I live where I live for one reason — Walt Disney World — and most of the time, living in Orlando is pretty great. I work from home in the morning, eat lunch, then I can grab my Chromebook, head to a theme park, and continue working on my articles while I sit in Fantasyland, Galaxy's Edge, or somewhere in World Showcase. It helped me get out, stay active, and be around other human beings for a while.
When the pandemic started and the parks closed, I suddenly found myself living in isolation for weeks at a time, with my human contact being limited to phone calls from home, the occasional video call with a special friend and my usual Google Meets for work. And nevermind walking three to seven miles a week anymore; I wasn't even leaving the apartment most days. It made me feel listless, especially once my sleeping issues returned and time seemed to lose meaning.
By early May, it was apparent I needed to go be around other people for a while again. With air travel a high risk without much reward in time/money saved, I decided that I'd make the long, long drive back to Texas. Eighteen hours in a car isn't exactly my idea of fun, but I had Android Auto and YouTube Music to keep my company as I arrived back home a week ago.
It's been weird having to carve out my own little work-from-home-space amongst my parents working from home. My dad's always had his setup in the master bedroom, while my mom has migrated from working in the dining room to taking over my twin's old bedroom. I tend to oscillate between working at the kitchen table — where I can watch the baby deer out in the yard — and working on my bed with a trusty lap desk when I need privacy or quiet.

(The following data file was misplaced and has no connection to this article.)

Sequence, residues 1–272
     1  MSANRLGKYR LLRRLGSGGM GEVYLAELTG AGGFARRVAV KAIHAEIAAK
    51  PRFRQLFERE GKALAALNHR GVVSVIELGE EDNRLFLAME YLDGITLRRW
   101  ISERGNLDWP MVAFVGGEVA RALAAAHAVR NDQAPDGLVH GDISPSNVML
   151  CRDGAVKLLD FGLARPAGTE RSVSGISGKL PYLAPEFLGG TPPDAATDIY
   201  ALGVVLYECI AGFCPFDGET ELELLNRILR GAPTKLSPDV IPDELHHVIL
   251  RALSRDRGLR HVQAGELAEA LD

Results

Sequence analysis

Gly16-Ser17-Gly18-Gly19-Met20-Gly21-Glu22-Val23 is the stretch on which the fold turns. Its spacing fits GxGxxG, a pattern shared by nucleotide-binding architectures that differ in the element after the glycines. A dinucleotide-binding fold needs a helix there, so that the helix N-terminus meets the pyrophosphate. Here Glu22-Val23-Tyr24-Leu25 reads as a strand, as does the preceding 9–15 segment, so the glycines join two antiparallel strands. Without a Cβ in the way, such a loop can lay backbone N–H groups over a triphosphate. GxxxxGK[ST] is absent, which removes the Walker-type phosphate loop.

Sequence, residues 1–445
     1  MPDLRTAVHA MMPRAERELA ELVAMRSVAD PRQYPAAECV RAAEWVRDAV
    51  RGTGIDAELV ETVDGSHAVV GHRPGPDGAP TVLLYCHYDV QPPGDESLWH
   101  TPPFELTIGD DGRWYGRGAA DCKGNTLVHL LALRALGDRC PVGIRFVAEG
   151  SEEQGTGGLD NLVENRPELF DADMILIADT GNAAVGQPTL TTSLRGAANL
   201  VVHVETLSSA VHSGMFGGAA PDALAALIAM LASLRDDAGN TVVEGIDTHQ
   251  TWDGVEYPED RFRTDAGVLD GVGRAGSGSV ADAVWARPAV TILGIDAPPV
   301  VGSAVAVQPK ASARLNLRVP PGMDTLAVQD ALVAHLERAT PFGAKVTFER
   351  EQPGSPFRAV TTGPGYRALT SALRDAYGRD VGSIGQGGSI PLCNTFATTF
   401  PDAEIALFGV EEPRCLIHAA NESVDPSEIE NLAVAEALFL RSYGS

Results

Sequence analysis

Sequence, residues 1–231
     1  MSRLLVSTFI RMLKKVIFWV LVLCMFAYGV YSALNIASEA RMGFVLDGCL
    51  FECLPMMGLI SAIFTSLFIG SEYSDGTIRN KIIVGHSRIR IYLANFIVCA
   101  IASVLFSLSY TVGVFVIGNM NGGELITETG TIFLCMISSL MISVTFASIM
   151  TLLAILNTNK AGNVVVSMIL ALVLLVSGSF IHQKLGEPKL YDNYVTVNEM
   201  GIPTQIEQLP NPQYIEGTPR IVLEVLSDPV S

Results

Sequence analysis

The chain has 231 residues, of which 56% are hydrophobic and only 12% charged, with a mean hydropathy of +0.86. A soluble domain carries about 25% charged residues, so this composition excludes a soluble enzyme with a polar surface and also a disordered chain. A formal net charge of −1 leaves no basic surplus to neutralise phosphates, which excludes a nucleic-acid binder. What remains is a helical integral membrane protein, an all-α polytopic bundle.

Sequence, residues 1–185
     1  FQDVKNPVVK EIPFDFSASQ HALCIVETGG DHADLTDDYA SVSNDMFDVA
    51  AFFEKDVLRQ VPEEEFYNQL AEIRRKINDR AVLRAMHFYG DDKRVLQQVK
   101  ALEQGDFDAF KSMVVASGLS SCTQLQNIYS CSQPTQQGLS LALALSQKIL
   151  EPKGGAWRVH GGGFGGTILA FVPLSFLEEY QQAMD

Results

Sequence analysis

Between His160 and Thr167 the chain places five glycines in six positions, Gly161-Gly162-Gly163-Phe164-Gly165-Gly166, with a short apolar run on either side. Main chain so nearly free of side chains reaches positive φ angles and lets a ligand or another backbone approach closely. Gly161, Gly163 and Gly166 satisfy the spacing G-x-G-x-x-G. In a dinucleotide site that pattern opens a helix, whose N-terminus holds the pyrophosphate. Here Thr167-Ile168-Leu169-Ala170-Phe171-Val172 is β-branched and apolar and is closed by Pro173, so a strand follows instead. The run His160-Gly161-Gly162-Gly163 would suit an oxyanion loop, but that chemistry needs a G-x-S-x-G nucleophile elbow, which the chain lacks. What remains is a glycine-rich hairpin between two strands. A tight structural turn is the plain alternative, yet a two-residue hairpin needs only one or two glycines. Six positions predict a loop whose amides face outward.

Working from home is no foreign concept at my parents' house: my dad has always brought his work home with him and while my mom taught phlebotomy courses in-person until three months ago, there is no end to the prep, grading, and other work that goes into being an adjunct. And of course there's me, who has been proud of being able to work anywhere with my trusty #HaveChromebookWillTravel.
What is new for them is shifting coffee dates and happy hours to Zoom instead of meeting up at a local joint. And while Texas has mostly reopened — to the detriment of our COVID case numbers — my parents' gatherings, like most of the folks I know, have steadfastly remained digital.
Of course, some activities just can't be replicated over a video call: I made the 90-mile trek up to Waco on Thursday night so that I could sing karaoke for the first time since New Year's. And let me tell you, they had a crowd. TrueLove, like all bars and restaurants, was limiting capacity, but there were still enough rowdy girls' nights and boys' clubs rolling through to make it hard to hear your own conversations.
It wasn't the safest decision I've made since the pandemic started — every singer got a fabric mic cover to use and hand sanitizer next to the mic — but I wore my mask as much of the time as I could, tried to sit away from other people, and getting up to sing was really, really cathartic for me. Just doing it once did wonders for my soul, but I'll likely hit it one more night before I return to Florida and await the parks re-opening.